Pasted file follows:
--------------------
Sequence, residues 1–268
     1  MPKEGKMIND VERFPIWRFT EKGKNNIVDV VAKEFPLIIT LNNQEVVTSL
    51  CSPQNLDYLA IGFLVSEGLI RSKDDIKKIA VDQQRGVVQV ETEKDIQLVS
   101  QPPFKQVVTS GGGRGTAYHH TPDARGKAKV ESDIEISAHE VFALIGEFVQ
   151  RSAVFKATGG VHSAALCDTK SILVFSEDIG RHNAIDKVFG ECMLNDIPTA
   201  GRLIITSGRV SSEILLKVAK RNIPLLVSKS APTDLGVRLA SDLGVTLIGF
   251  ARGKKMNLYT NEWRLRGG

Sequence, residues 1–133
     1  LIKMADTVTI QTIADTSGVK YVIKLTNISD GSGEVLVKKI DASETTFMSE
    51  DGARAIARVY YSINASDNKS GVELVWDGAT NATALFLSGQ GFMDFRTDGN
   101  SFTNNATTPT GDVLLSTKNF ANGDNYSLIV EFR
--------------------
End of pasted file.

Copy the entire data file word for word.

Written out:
Sequence, residues 1–268
     1  MPKEGKMIND VERFPIWRFT EKGKNNIVDV VAKEFPLIIT LNNQEVVTSL
    51  CSPQNLDYLA IGFLVSEGLI RSKDDIKKIA VDQQRGVVQV ETEKDIQLVS
   101  QPPFKQVVTS GGGRGTAYHH TPDARGKAKV ESDIEISAHE VFALIGEFVQ
   151  RSAVFKATGG VHSAALCDTK SILVFSEDIG RHNAIDKVFG ECMLNDIPTA
   201  GRLIITSGRV SSEILLKVAK RNIPLLVSKS APTDLGVRLA SDLGVTLIGF
   251  ARGKKMNLYT NEWRLRGG

Sequence, residues 1–133
     1  LIKMADTVTI QTIADTSGVK YVIKLTNISD GSGEVLVKKI DASETTFMSE
    51  DGARAIARVY YSINASDNKS GVELVWDGAT NATALFLSGQ GFMDFRTDGN
   101  SFTNNATTPT GDVLLSTKNF ANGDNYSLIV EFR